After finding out that her bus to D.C. had been canceled, a woman from Framingham, Massachusetts made a seven-hour drive with her daughter, leaving at 3 a.m. to arrive in time.

The size of the crowd was awe-inducing. The New York Times reported that 470,000 people marched, compared to the 200,000 that organizers had planned for. At one point, as the march encircled the White House, the head of the march stopped to cheer its tail, visible as a swell of pink stretching down a side street.

Husayn Karimi, an organizer of MIT’s Student Activist Coalition, sees the march as only the beginning. “Trump’s agenda represents a vicious intensification of capitalism’s long-term attack on colonized people, the working class, women, LGBTQ people, and people with disabilities,” he said. “We need to protest and fight against this, but it can’t end with one day in the D.C. streets — we need to actively grow it into a mass movement, because ultimately, Trump isn’t an aberration of a rational system, but a rational outcome of an inherently unjust system.”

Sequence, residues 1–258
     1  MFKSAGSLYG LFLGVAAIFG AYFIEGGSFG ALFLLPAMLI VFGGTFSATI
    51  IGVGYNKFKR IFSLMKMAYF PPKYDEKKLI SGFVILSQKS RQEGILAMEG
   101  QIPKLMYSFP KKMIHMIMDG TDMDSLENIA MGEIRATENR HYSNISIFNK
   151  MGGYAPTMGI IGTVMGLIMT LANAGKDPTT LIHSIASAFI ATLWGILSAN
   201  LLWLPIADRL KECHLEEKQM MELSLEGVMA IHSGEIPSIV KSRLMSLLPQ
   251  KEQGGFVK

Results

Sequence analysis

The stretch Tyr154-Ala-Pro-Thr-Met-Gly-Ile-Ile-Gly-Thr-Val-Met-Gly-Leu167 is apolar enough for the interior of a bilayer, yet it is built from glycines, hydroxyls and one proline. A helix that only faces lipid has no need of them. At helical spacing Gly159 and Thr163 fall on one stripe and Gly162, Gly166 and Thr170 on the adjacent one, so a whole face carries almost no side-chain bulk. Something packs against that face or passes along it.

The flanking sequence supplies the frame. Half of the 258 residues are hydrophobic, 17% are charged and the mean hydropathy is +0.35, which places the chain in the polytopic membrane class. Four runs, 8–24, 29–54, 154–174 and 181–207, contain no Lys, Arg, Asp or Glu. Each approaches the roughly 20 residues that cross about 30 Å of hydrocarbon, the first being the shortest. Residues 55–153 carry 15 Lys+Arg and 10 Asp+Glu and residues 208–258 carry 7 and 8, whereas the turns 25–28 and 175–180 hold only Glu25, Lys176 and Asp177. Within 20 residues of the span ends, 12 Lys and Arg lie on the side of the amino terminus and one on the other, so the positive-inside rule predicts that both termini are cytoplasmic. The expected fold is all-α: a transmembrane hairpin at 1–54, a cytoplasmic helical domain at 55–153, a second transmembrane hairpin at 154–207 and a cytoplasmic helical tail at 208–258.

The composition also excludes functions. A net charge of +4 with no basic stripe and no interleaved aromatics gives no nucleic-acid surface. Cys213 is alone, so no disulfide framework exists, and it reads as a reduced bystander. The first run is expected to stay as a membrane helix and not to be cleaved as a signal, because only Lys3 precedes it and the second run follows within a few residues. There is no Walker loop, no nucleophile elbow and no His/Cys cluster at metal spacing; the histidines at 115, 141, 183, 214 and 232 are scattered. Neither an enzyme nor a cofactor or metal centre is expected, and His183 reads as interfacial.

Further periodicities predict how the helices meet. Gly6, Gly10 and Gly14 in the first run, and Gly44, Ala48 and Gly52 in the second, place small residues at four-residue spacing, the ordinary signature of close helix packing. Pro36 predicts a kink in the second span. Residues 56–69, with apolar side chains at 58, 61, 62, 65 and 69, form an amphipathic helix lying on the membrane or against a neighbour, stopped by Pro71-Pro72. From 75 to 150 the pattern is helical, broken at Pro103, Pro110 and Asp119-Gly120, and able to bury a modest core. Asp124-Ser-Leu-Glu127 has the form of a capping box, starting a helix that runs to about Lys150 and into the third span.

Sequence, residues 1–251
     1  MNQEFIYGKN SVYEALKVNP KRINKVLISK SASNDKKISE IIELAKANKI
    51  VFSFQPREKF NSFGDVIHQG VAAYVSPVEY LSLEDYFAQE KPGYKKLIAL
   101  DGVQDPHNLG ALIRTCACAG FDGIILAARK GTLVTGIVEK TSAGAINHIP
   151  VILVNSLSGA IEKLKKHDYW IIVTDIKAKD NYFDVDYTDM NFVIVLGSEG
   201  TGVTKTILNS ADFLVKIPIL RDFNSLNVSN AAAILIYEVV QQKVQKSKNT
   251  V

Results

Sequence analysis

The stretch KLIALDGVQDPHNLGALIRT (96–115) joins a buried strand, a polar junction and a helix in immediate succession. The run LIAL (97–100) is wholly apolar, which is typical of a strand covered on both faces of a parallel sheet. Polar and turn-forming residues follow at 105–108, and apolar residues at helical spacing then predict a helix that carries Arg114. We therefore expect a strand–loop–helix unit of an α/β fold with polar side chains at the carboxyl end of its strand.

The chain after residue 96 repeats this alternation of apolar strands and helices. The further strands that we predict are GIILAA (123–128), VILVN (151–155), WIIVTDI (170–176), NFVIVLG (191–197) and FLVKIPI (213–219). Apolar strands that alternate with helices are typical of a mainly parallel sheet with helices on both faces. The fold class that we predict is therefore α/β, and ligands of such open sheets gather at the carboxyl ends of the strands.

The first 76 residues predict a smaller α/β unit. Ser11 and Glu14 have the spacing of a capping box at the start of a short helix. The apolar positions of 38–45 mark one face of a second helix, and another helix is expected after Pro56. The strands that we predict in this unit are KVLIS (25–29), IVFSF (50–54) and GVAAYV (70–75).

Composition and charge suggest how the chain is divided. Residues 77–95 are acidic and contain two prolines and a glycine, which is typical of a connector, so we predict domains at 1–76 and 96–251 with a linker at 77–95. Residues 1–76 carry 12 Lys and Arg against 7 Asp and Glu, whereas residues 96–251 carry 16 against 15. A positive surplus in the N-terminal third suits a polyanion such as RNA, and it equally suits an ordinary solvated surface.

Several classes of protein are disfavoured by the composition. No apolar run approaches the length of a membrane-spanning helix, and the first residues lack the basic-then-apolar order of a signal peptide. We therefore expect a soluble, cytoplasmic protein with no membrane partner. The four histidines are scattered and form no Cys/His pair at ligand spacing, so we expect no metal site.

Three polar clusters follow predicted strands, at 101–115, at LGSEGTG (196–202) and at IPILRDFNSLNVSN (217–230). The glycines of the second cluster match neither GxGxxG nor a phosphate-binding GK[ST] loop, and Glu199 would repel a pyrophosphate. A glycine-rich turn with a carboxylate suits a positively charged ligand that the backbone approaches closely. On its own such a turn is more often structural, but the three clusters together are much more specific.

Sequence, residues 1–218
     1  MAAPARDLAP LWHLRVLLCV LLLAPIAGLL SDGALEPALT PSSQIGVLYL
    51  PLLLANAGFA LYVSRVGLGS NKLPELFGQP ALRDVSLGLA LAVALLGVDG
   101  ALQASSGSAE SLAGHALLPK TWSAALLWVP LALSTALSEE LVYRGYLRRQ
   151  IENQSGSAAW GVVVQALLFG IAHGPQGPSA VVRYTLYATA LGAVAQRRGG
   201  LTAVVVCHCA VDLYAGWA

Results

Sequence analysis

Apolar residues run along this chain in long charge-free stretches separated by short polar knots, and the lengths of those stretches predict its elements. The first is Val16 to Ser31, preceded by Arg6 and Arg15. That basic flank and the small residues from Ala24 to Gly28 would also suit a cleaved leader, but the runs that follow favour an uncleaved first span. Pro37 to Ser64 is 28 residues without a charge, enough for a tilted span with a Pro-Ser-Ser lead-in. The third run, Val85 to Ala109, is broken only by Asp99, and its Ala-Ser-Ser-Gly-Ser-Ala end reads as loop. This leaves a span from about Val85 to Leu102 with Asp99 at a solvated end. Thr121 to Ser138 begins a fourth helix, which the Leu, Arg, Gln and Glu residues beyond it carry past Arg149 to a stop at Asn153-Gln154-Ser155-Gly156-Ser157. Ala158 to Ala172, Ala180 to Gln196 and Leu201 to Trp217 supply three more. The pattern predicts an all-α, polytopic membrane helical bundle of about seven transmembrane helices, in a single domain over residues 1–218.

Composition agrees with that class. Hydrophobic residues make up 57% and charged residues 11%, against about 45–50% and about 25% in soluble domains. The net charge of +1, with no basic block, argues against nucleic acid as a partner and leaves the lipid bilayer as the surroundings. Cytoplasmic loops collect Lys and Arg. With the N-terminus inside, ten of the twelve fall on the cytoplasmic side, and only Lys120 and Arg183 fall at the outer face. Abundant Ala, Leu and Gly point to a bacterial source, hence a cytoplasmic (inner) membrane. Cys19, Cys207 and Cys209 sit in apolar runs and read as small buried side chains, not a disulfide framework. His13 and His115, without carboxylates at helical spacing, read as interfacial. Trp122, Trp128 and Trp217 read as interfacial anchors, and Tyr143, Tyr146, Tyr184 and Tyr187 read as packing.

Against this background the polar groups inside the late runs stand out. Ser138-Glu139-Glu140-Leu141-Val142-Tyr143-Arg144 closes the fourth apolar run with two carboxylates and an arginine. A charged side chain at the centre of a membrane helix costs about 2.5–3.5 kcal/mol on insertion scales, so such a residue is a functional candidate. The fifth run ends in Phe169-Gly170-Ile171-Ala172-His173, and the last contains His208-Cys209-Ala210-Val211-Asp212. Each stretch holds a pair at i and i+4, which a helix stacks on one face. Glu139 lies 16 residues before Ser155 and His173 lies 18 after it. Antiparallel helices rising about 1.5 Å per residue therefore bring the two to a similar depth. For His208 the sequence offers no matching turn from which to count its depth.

“The Trump administration’s platform of anti-science, anti-sustainability, and anti-education aims to aggressively undermine ecosystems that sustain human life,” graduate student Dae Houlihan said. “I came to D.C. to add my voice to those demanding that scientific progress and long-term global priorities not be suppressed for the sake of myopic corporate interests.”

Daniel J. Gonzalez G, a Libertarian, did not attend protests on Saturday, but was generally supportive of them. “This is what democracy looks like, and it’s great to have peaceful protest,” he wrote in an email to The Tech. “My big issue is with what protest is becoming lately. After the election, there were some protests, but there were also riots, blocking traffic, blocking infrastructure, vandalism, and assault. That’s not classy.”

“Effective protest changes public and politician opinion to sympathize with the marginalized group,” he said.